RMM-PSA Integration: The MSP One-Two Punch

Together We Are Strong

While an RMM is the lifeblood of how most MSPs service clients’ technical needs, there is also a business relationship, and projects to be done. The answer here is professional services automation (PSA), solutions that automate and manage client relationships.

For too many service providers, RMM and PSA solutions are discrete applications with different interfaces and an inability to seamlessly share data and work. While RMM and the PSA, if properly applied, offer impressive payback, the benefits multiply when the two solutions work in unison.

Kaseya’s VSA and BMS have long worked together, offering these profound benefits, and in the new VSA 9.5, this integration has deepened. VSA’s enhanced PSA integration with BMS features:

  • Automated ticket de-duplication intelligently links disparate events to the root problem so technicians have a comprehensive, aggregated view of a single issue.
  • Automated ticket closing after problem resolution ensures all business systems are in-sync with the status of customer issues and SLAs are met.
  • Automated ticket re-opening discovers when an issue resurfaces to present the complete ticket history immediately to technicians, cutting close times by over 50 percent by preventing duplication of work.

Kaseya MSP Customers Put Them Together

Spectrum Data Networks is an MSP startup in Houston that needed core RMM and PSA solutions. Kyle Tennyson, a managing partner at the startup, had previously worked with Kaseya and adopted VSA and BMS. “Without BMS and VSA, it would have been more complicated to find a platform we were familiar with. We worked with Kaseya for years. It is home. You don’t really feel like going anywhere else,” Tennyson explained.

The Kaseya tag team exemplifies Kaseya’s IT Complete architecture, where multiple Kaseya solutions work together in an integrated fashion and create deep and rich value.

BMS has a wide area of PSA features. For Spectrum, that means one application does the work of many. “All the applications you need like project management, the ticketing system, financial and HR are there. BMS took those out of the mix. We did not have to worry about buying, using, and managing all that software. And with BMS, you have one pane of glass to manage it all,” Tennyson explained.

Tennyson uses BMS project management capabilities for onboarding, and finds its integration with VSA essential. “One thing we found was you can onboard a client, but if you don’t set certain tasks for the technicians involved in onboarding a client, they fly by the seat of their pants,” he said. “I start with a customer we are onboarding, put all the details of the system in such as address locations. Once you enter all that in, it just puts it over to VSA. It is done from that aspect.”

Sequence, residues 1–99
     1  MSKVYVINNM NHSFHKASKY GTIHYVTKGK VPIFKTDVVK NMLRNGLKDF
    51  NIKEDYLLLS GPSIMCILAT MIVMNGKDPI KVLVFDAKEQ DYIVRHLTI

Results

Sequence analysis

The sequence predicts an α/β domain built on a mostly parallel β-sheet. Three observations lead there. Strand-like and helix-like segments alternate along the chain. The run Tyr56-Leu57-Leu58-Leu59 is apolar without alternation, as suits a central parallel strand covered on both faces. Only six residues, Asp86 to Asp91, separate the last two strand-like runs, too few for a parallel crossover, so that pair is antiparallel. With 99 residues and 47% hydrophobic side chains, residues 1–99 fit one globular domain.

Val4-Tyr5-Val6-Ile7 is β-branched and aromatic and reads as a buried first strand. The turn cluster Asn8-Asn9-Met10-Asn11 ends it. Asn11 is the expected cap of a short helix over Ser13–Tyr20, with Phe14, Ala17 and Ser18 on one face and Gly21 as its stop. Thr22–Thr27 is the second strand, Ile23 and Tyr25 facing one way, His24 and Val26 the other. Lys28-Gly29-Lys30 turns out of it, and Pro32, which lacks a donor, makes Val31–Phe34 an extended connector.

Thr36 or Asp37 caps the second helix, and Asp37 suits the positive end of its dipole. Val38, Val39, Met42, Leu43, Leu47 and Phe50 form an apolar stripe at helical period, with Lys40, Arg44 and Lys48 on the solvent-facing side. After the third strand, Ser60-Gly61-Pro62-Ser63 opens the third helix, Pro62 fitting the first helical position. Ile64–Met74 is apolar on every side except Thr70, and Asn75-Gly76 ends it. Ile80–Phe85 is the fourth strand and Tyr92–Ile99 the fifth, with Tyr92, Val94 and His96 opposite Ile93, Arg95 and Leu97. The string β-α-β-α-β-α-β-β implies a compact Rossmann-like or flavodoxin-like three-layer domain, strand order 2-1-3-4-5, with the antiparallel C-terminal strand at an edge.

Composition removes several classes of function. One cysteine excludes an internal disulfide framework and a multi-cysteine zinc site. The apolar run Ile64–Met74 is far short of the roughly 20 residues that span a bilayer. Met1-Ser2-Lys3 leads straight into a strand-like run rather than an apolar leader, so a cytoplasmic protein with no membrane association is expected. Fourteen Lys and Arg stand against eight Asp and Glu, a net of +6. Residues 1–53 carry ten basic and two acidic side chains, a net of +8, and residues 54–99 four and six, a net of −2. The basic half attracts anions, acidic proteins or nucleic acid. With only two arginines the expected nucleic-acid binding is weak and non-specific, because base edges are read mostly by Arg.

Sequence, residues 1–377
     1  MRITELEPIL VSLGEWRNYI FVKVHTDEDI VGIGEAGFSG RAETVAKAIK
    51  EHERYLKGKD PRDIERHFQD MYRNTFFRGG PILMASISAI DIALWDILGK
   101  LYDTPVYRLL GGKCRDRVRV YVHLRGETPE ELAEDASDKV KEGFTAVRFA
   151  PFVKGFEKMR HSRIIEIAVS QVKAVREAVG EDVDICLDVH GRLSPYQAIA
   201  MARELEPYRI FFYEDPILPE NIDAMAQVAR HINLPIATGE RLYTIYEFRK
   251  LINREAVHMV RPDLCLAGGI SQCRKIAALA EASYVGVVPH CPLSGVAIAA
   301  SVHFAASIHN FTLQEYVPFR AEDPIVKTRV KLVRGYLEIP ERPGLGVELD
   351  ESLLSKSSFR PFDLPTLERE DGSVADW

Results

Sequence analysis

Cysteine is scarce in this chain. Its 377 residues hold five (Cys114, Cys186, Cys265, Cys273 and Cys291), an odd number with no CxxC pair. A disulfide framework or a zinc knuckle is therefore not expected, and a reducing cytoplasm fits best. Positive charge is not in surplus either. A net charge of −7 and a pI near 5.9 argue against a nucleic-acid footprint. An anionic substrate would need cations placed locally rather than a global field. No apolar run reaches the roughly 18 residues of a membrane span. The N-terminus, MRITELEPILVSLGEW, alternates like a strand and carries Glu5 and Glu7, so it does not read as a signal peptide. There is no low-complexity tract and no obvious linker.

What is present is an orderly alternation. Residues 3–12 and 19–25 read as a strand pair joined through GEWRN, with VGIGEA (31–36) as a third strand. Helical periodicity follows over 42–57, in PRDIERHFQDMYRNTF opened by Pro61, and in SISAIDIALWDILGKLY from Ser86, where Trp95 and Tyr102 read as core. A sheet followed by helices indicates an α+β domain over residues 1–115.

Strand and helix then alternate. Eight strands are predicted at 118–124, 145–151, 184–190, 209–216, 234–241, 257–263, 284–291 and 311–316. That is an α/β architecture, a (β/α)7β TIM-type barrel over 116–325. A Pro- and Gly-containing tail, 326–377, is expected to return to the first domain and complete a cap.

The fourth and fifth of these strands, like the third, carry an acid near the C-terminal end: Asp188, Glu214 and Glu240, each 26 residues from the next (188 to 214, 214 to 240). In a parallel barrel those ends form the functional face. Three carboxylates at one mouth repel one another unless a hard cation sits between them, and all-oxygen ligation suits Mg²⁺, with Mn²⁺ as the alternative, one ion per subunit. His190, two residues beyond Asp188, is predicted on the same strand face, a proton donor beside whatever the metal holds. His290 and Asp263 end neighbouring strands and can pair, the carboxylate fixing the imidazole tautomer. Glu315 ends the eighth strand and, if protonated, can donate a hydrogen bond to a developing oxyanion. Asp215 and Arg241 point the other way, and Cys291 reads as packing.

Kaseya IT Complete is all about teamwork – MSP solutions working together to create a greater good. “I can set and forget things in VSA, and use BMS to get into certain aspects such as ticketing and the agents. It simplifies that entire process to where I do not have to worry too much about quoting. I used to sit in VSA all day long and watch the agents, and don’t have to do that anymore,” he said.

MSP in a Box Switches to BMS by Kaseya

The 20 is a group of MSPs that leverage the same underlying technology. Tim Conkle, CEO of The 20, already adopted VSA for his partners, but the firm still used ConnectWise as its PSA. With that tool failing to scale, Conkle approached Kaseya about BMS.

Using BMS Express, the Kaseya migration tool that moves providers from any other PSA to BMS, The 20 moved to BMS. Now, The 20 has a robust scalable PSA that works tightly with its RMM.

One key benefit is integration with Kaseya Live Connect: One-click access to Live Connect remote control in VSA enables MSPs to remotely troubleshoot and manage endpoints regardless of their location.

An RMM or PSA are great on their own, but when used together, and fully integrated, the value grows many-fold.

Posted by Doug Barney
Doug Barney was the founding editor of Redmond Magazine, Redmond Channel Partner, Redmond Developer News and Virtualization Review. Doug also served as Executive Editor of Network World, Editor in Chief of AmigaWorld, and Editor in Chief of Network Computing.
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